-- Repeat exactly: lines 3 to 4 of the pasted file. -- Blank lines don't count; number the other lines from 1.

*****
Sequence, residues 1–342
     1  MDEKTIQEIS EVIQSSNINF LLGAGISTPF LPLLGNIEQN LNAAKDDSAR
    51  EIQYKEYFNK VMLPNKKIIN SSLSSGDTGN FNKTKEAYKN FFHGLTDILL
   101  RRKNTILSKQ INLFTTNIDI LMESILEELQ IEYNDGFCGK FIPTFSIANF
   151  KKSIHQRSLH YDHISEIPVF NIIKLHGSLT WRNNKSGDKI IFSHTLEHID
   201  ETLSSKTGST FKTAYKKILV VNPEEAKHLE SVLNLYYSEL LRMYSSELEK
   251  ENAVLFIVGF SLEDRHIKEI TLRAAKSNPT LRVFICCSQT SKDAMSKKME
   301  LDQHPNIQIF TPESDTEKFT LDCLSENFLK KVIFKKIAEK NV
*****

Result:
    51  EIQYKEYFNK VMLPNKKIIN SSLSSGDTGN FNKTKEAYKN FFHGLTDILL
   101  RRKNTILSKQ INLFTTNIDI LMESILEELQ IEYNDGFCGK FIPTFSIANF